Click here to read more.

Leave a comment

Filed under Reviews

Interview: Cherry’s Kyle Gallner

Odds are, you know Kyle Gallner for one of the many high profile horror films he’s appeared in over the past few years. There was The Hunting in ConnecticutJennifer’s Body and the highly anticipated reboot, Nightmare on Elm Street, but his success in the genre and the prominence of these films doesn’t mean these are the only types of films Gallner has to offer. In fact, he’s got quite a number of non-horror films on the way, one of which hits theaters this weekend, Cherry.

Cherry stars Gallner as Aaron, a somewhat sheltered guy starting his first year at a prestigious college. He may not be as socially and romantically developed as his roommate, but when it comes to academics, Aaron’s above and beyond his peers. He’s enrolled in an advanced engineering program and while the work should be his top priority, Aaron’s distracted by a woman, a much older woman. Aaron meets Linda in class and the attraction is instant. Problem is, Linda (Laura Allen) has a 14-year-old daughter, Beth (Brittany Robertson), and when Linda brings Aaron over for dinner one night, the attraction between him and Beth is instant as well.

Not only was I thankful to have the opportunity to chat about such a purely enjoyable film, but to an actor on the rise that’s certainly worth keeping an eye on. Check out everything Gallner told me about working on Cherry, working with Kevin Smith on his upcoming film Red State and his hopes for the future in the interview below, and be sure to catch Cherry at the Village East Cinema in New York City.

Click here to read the interview.

1 Comment

Filed under Interviews

Review: Cherry

When you’re doused in big budget, effect-heavy features week after week, it winds up being the simplest productions that really blow you away. Writer-director Jeffrey Fine’s newest film, Cherry, is just about as minimalistic as they come, but the results are huge. Cherry achieves a degree of empathy, entertainment and pleasure that most grander scale films never even come close to earning.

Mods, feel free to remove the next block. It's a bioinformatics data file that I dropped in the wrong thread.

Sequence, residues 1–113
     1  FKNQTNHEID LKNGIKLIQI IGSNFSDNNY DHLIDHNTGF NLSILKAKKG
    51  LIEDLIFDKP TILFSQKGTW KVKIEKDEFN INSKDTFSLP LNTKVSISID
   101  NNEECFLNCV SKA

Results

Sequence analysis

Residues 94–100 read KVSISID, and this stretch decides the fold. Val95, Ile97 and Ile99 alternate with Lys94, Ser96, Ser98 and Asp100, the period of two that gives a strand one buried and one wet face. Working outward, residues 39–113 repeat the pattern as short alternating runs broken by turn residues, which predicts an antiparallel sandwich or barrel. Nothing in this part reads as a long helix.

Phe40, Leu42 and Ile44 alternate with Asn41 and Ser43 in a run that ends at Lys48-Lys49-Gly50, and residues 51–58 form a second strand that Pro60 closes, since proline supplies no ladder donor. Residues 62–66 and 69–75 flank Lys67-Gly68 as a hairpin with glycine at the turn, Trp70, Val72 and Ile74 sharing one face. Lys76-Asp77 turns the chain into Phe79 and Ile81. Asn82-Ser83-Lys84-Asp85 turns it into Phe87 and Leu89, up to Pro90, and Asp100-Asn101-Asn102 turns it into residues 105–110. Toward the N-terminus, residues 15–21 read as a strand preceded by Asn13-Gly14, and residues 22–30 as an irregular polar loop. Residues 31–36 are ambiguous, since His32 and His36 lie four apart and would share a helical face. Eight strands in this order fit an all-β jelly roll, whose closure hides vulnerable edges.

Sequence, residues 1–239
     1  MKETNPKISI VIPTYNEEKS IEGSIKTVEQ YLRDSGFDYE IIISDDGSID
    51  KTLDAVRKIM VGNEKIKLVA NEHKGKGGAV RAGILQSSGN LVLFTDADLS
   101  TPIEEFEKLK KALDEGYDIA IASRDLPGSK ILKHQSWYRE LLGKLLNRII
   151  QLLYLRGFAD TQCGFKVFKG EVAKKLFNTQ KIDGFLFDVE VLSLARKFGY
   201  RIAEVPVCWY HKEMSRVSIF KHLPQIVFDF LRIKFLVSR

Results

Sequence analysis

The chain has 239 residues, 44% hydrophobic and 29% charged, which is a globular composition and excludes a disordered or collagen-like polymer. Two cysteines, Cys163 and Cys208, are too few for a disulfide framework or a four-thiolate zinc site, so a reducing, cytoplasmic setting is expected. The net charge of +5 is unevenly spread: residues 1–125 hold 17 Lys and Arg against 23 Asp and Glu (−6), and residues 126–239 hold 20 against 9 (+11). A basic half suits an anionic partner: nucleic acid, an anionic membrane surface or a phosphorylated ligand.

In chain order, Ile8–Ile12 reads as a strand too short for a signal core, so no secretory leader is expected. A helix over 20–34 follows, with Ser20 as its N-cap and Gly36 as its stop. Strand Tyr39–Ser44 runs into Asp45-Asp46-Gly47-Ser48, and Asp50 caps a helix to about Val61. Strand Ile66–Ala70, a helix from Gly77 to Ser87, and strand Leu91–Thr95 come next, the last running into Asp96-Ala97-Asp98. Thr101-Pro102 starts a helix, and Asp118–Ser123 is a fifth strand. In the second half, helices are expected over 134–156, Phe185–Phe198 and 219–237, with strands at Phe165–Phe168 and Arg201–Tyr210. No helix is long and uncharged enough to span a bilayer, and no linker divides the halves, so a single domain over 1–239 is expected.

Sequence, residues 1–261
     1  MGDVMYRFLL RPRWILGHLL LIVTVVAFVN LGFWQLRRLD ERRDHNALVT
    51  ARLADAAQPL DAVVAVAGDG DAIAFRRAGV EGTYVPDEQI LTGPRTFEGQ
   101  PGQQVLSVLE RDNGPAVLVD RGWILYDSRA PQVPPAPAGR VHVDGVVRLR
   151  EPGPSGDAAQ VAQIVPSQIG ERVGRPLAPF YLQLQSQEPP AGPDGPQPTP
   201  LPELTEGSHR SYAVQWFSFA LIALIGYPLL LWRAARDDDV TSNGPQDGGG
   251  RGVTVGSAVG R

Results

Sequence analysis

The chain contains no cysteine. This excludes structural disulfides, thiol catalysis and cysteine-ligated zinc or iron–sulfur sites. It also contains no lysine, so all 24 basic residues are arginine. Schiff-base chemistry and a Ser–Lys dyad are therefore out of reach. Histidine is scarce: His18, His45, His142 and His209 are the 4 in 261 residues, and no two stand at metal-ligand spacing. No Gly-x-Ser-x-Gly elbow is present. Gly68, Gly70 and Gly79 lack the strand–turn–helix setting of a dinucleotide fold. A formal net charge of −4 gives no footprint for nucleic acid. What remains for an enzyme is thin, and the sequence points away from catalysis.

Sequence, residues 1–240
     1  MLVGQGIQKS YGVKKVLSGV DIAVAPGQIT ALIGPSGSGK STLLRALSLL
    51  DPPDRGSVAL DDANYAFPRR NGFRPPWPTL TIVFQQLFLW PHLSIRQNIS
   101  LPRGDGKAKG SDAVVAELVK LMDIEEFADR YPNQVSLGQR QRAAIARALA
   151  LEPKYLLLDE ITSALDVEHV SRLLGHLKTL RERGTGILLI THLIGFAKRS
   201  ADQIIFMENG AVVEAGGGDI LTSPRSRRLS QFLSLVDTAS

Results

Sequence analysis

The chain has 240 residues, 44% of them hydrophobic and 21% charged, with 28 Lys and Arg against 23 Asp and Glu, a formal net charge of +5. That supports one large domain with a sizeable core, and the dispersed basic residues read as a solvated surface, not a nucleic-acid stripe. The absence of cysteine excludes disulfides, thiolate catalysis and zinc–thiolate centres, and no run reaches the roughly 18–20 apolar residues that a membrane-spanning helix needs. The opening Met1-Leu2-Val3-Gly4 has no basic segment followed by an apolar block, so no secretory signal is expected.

Aaron (Kyle Gallner) always plays by his parents’ rules. From the day he was born, they bred him to become an Ivy League student and the time has finally come for Aaron to pack his things, move into his dorm and begin his freshman year at a prestigious school. He’s there specifically for a top tier engineering program, but is also a talented artist, a skill his parent don’t condone pursuing. He opts to take a drawing class as an elective anyway and that’s where he meets Linda (Laura Allen), a much older student who takes a liking to him. A coffee date leads to a dinner date and that’s when Aaron is sure it’s finally going to be his lucky night. The problem is, not only does he discover Linda has a 14-year-old daughter, Beth (Brittany Robertson), but a cop boyfriend, too.

All hope isn’t lost. Sexual tension still exists between Aaron and Linda, but now there’s some between Aaron and Beth as well. Well, most of that tension comes straight from Beth who’s far beyond her years and has no problem telling everyone exactly what she thinks. Even while being pulled in both directions, Aaron nestles into the family quite nicely, so much so his peers take notice of his absence, he isn’t performing well in class and worst of all, his mother demands to know what’s going on.

Click here to read more.

Leave a comment

Filed under Reviews